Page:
Release:Vesntik TSU. Philology. 2013
About the author:Michail A. Buryakov,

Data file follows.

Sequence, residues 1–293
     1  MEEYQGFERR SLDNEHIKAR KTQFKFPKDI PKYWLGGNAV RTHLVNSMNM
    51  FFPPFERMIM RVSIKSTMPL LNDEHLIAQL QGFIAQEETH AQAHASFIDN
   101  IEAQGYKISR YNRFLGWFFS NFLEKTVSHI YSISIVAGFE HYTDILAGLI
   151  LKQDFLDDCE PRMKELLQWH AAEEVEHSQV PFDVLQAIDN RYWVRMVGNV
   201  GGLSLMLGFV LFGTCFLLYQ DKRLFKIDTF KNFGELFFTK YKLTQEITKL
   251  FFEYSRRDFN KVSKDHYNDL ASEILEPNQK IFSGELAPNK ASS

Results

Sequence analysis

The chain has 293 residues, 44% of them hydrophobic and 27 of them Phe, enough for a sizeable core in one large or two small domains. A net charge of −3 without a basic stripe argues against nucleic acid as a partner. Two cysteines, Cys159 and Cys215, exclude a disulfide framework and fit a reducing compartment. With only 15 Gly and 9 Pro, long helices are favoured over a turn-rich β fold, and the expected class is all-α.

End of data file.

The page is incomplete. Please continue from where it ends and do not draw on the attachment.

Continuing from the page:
Abstract:This article contains a logical-semantic analysis of emotional names. Emotional processes are examined in a twofold manner: as the result of a person’s practical experience, expressed in a term’s lexical meaning, and as the product of development of the grammatical subject (and predicate) category, reflecting various emotional and psychic processes. The author suggests that emotional processes (affects, emotions, and feelings) can be examined as stages of subjective-objective approximation, from which the semantics of emotional terms originates and on the basis of which it is formed. The author demonstrates that emotional terms could not have appeared at the stages of either “affective judgment” or “emotional judgment”, as the subject was identified with either the object (S is O) or the action (SV is O). Only at the stage of the “judgment of feeling” did appearance of the first emotional terms become possible, since the relationship (S is P) replaces action between the subject and the object. From the logical and grammatical standpoint, this refers to the varying nature of predicativity, as predicative attitudes pertain not to the grammatical subject, but to the speaker. Hence, they do not influence the semantics of the predicate, and the latter proves to be counterposed to action. This opposition comprises the logical and grammatical basis of active-typology languages. The process of identifying the speaker’s subject with the acting agent and of reflecting the subjective attitude in a language later leads to the expression of the “psychic” in the variety of predicative forms. Along with the verbal predicate, there appear nominal, adjectival, finite (impersonal verb), and infinite (participle) ones.
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